When you daydream about singing on The Voice (I know you do) what song do you sing and if you could have any celebrity judge in the world turn for you who would it be?

I quite fancy myself singing The Motels’ Total Control. I have rather a crush on Devendra Banhart so I’d choose him for a judge, if only for the opportunity to stand near him in the green room.

 

 

What do you really, really, really, love?

My husband and son. Chocolate. Books. Dancing. 

 

 

Can you show us a quick snap of your work desk? No tidy spic and span ones please. I won’t believe you.

 

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Oh no! I don’t drink wine or gin while I work, honestly. Both had water in them!

 

 

Serious stuff now: where can we purchase your latest book?

    Thearkbook.com

 

Thank you for taking part in Lychees or Peaches, Annabel!

To read more about Annabel and her work, you can find her at her website, on Facebook, and on twitter

 

To win an e-book version of The Ark, all you need to do is leave a comment and hope we pick you!

 

Annabel Smith is the author of Whisky Charlie Foxtrot, and A New Map of the Universe, which was shortlisted for the WA Premier’s Book Awards. Her short fiction and non-fiction has been published in Southerly, Westerly, Wheeler Dailies and Junkee. She holds a PhD in Writing, is an Australia Council Creative Australia Fellow, and is a member of the editorial board of Margaret River Press. Her digital interactive novel/app The Ark has just been released.

 

 

 

 

 

 

Don’t get between Nicole Hayes and her Freddo Frogs!

 

 

 

 If you would like to win a copy of Nicole Hayes’ novel, The Whole of My World, leave a comment on this post to go in the draw to win!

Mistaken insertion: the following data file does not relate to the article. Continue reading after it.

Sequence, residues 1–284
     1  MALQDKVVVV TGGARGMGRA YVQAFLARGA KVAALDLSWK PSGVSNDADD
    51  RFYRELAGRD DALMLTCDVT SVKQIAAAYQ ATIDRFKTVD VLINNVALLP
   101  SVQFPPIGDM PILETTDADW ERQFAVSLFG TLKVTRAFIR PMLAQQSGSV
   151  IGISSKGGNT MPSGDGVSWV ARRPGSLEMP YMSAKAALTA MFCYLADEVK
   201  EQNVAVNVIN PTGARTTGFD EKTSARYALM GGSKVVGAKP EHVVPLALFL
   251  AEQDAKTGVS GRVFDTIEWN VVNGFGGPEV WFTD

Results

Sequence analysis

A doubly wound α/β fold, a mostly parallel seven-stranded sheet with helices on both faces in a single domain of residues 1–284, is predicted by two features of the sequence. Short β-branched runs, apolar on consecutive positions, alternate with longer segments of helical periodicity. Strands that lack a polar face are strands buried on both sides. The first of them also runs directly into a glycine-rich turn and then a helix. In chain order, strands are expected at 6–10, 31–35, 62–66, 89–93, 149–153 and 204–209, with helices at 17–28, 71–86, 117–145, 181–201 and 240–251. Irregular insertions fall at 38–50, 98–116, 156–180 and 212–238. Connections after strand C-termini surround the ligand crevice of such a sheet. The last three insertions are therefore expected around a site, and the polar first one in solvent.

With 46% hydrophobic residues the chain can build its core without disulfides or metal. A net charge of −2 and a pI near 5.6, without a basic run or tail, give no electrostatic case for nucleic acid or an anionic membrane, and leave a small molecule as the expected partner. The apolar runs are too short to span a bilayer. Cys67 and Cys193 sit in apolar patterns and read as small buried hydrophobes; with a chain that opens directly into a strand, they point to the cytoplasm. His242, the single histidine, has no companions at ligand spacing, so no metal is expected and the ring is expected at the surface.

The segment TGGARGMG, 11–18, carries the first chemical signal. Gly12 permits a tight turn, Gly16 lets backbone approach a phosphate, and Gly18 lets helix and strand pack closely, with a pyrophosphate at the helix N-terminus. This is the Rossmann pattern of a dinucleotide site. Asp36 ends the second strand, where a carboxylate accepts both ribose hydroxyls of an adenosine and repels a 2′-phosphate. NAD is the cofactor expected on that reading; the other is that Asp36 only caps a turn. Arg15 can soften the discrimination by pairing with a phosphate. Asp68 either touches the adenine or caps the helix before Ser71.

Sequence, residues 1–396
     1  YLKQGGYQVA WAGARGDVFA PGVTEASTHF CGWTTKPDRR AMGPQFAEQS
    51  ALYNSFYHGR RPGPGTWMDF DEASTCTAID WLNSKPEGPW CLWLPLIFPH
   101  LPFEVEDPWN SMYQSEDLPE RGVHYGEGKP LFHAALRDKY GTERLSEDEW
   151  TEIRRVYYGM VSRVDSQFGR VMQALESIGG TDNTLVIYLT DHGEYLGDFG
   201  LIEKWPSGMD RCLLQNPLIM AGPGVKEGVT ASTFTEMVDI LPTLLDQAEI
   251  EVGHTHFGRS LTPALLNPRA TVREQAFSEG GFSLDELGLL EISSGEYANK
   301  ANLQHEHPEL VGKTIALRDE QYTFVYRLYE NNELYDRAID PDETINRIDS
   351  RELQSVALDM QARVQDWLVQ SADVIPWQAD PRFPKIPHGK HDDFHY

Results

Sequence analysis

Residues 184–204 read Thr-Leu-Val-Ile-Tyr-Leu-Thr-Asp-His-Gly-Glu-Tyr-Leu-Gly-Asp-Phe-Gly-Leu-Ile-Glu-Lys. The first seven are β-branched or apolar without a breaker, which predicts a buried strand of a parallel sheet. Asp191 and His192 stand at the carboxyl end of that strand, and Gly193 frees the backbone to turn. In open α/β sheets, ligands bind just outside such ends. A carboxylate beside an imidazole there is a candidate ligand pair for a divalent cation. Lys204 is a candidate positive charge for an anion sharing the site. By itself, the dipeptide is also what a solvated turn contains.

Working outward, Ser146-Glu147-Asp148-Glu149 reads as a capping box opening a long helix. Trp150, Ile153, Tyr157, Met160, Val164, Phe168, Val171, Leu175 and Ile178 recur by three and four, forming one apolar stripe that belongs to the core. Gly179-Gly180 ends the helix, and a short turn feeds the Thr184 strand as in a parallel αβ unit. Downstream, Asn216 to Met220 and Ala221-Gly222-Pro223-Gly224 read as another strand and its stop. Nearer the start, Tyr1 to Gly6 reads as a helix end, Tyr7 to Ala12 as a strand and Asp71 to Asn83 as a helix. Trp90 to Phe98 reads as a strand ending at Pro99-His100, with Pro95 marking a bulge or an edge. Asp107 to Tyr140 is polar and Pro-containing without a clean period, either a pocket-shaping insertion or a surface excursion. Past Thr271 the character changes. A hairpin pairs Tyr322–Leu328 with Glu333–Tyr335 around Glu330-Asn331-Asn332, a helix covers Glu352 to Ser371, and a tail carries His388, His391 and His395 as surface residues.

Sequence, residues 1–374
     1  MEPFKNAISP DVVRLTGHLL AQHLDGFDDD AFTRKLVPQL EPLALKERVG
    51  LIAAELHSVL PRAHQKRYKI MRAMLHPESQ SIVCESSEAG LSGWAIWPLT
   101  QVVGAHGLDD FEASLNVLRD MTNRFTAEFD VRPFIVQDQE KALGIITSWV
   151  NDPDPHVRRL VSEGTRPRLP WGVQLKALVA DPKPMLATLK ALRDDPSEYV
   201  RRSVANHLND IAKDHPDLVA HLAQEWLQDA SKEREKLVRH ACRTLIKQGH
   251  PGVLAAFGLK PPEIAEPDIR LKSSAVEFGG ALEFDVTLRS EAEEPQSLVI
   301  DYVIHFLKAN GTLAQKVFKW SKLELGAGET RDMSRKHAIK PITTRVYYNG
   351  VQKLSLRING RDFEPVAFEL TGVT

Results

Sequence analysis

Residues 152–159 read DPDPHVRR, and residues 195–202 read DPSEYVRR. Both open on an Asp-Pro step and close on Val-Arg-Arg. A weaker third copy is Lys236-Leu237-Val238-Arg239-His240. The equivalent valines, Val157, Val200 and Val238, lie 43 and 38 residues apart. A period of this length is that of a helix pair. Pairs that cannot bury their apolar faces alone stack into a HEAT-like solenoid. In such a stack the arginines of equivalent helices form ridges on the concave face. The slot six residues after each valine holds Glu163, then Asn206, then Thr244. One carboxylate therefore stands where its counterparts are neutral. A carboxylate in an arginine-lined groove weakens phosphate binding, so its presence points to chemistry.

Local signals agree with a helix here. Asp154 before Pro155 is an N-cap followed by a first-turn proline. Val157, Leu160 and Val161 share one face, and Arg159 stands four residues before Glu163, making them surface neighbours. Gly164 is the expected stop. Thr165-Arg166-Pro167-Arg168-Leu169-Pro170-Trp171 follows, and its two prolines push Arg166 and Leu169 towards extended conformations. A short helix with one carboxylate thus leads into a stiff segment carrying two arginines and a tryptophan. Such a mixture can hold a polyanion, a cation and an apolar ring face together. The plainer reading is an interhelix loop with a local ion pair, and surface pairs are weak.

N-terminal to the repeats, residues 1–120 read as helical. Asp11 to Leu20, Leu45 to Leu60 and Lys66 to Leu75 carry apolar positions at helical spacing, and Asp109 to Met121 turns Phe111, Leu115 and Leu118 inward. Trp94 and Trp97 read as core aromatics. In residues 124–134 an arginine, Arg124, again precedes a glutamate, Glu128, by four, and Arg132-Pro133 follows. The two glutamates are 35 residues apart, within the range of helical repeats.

I was pleased to have met Nicole Hayes at The Bendigo Writers Festival on the Girl You’ll be A Woman Soon Panel. Along with Kirsten Krauth and Jenny Valentish we had a lot of fun chatting about coming of age novels and now she’s on my little blog to dissect the Lychees or Peaches questions.

Thank you for taking part in Lychees or Peaches, Nicole!

 

 

  • Okay! Hard questions first: Lychees or Peaches?

 

Peaches. No question.

 

 

  • If you were written about in a newspaper, what would the headline say?

 

Local author wins multi-million dollar movie deal! (Because that’s what would have to happen for any newspaper to write about me. And a girl can dream.)

 

 

  • What is your favourite line from a book or movie?

 

We’re gonna need a bigger boat.”

 

 

  • Which genre do you usually write in? And why do you think this is so?

Young Adult. Because I really believe no one gets adolescence right the first time. This way I get a second shot. And an editor.

 

 

5                     Tell me a secret about yourself that nobody in the whole world knows? Go on tell me, nobody but me is listening.

 

I used to tell a story about how, as a kid, I’d felt so guilty about stealing a Freddo Frog from the local milk bar – my one and only time – that I snuck back the next day to pay for it. I’m pretty sure it never happened. As I remember, I stole the chocolate (once) but was too scared and embarrassed to go back to pay for it. I knew a girl who did do that, though, and I think that I so wished I had done the right thing that, at some point, I began to tell her version of the story.

 

6                     What is your latest book about?

The Whole of My World is about a teenage girl who, harbouring her own terrible secret surrounding a family tragedy, disappears into the intoxicating world of Australian football where she befriends a star player at the end of his career.